• gretchenrubin

      I’m so happy to hear that this was a good approach for you.

  • Thea

    I wish this strategy worked for me, I really do. I tried it when I was going to school full time on top of working full time. I even got a “Lark” silent alarm, one of those vibrating ones you put on your wrist and sync with your iPhone. It works great for waking you without waking your partner, but only if you WANT to be awake early. I tried it for a few weeks, but just couldn’t rouse myself out of bed when it was still dark out.

    I am most definitely, positively an “owl.” My natural sleep schedule, if I’m left to my own devices, is to go to sleep somewhere between 2am and dawn, then wake up between 10am and the early afternoon. I dislike it immensely – I think it’s depressing to begin sleeping when the world is just getting light out. But it’s my body’s choice, not my heart. Unfortunately I have a toddler and a job with a long commute, so I have to get up at 6am anyway, and since I can’t get to sleep easily in the evening, I always feel tired.

    Trying to adhere to a toddler’s 7am schedule and my job’s 8am schedule when I’m more on a 10am schedule makes life difficult every day, and nearly impossible to squeeze any extra time out of my day. I’d love to hear any suggestions on how to fix it.

    • gretchenrubin

      It is really hard to be an “owl,” because so many things are set up on the “lark” schedule. As a lark, I don’t have any good suggestions for this. Owls out there, any thoughts?

  • terry cottle

    Love it, one hour earlier every day without expectations of accomplishing anything until it becomes routine! Starting tomorrow ;)

  • Lee Davy

    Great post.

    I am an ‘owl’ but this is part of the problem. Because I have labelled myself as such I find it much more difficult to get up in the morning. So it’s important to understand that these are just labels. If you want to get up in the morning thinking you’re an ‘owl’ won’t stop you.

    It’s incredibly important to be waking up to something that fills you with happiness. People believe they can’t wake early because they have memories of the alarm clock screeching and then heading off to a job that you hate. So of course you are going to re-affirm that you are an owl.

    Find something you love and you will be dying to wake up at 06.00am even if you ‘twit and hoo’ I promise you.

    Lee Davy
    http://www.needyhelper.com

    • gretchenrubin

      If you’re interested in larks and owls, and whether people who are “owls” really do have different time clocks, I highly recommend the book Internal Time.

      • Lee Davy

        Thanks Gretchin I will be sure to check it out

  • Natalie

    I’ve tried getting up earlier to exercise (go for a run with a friend) and I hated it. Grumbled every day. Gave up after two weeks. But I don’t like staying up late either, which I assume is what an owl is. Maybe I’m a sloth.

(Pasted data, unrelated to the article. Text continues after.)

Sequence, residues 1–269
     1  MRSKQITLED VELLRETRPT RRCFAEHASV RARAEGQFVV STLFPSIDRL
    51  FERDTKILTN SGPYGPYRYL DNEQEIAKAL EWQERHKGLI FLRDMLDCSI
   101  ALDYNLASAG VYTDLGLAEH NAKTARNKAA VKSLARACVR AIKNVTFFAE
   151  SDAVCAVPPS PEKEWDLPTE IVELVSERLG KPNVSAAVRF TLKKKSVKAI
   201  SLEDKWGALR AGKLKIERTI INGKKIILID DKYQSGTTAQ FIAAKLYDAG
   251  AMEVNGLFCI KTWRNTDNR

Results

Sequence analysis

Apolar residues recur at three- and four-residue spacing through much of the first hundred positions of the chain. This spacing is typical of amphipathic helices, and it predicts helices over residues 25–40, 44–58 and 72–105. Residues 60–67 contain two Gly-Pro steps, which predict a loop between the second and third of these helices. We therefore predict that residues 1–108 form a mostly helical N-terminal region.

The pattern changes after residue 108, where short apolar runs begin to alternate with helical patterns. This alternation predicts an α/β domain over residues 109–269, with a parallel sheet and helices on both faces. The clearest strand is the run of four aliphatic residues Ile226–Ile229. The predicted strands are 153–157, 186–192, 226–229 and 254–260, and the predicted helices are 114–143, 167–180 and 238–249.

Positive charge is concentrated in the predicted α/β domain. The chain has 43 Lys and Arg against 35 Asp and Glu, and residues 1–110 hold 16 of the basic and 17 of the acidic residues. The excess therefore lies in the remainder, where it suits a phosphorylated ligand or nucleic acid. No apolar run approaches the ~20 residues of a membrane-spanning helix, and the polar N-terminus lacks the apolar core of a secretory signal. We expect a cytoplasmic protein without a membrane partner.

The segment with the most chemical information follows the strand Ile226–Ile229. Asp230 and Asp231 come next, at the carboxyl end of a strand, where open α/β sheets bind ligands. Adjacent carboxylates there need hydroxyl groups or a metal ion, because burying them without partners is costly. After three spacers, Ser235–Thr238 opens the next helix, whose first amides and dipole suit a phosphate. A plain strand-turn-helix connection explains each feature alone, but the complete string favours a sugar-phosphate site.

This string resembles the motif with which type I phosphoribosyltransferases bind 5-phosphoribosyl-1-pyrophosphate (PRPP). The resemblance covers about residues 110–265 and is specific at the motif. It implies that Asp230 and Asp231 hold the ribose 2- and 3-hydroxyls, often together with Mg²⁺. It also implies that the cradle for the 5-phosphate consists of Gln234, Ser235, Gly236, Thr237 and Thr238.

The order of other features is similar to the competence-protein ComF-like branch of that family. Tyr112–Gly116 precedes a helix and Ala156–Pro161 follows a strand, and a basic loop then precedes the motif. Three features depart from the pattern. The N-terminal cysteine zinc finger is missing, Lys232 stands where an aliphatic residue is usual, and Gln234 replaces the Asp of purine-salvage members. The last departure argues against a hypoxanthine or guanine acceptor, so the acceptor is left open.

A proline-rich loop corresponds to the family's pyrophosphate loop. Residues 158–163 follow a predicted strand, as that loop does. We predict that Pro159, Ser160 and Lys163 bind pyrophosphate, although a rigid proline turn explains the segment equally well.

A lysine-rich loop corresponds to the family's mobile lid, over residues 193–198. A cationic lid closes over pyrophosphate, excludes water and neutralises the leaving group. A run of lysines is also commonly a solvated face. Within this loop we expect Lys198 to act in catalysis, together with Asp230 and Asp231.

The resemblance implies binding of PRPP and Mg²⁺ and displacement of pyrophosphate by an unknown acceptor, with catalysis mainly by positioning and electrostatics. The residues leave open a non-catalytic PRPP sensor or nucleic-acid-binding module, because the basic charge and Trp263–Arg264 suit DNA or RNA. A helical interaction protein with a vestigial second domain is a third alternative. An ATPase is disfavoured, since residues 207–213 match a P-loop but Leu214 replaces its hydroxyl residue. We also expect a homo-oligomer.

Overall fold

• Matt Durrant

    I agree and have been actively trying to wake up early but it’s just to easy to hit snooze. So I got a fitbit. For tthose of you who don’t know what a fit bit is, it’s a small bracelet you wear and it tracks your every step, calorie burned and your sleep. It connects to an app via bluetooth and graphs out your activities. Anyway, it has a silent alarm and is a great way to wake up and track your sleep. It’s worked great I’m consistently up at 06:00 with a smile everyday. GOODLUCK!

  • Jeanette Gustafsson

    Great ! I love to get up early in the morning. Have done it since I was a teen and worked out befor school al highschool! Now I live with a man who love’s it just like me and it’s Great! Thank you!

  • tiana

    I’ve recently started working on launching an online business and with a one year old to take care of, day time is virtually impossible to get any actual work done. At first I would squeeze in an hour or two during my sons nap, but I found that right when I would get into the groove of working, he would wake up. Then by night time I like to have kid-free hubby time.

    So I decided I would start getting up at 4, and without any effort at all, I’ve done it practically every single day (except when the kiddo is teething). I’m listening to the morning birds as I write this sipping my coffee in peace. I am a total lark, an eager one at that !

  • Ltpar

    Spent most of my career working graveyard shift. I absolutely loved the cool quiet night and absence of traffic and people on the streets. It was also easier to identify the bad guys at 2 AM in the morning. Even now in retirement, I find myself staying up all night and going to bed when the sun comes up. Guess I would have made a great Vampire in ancient times?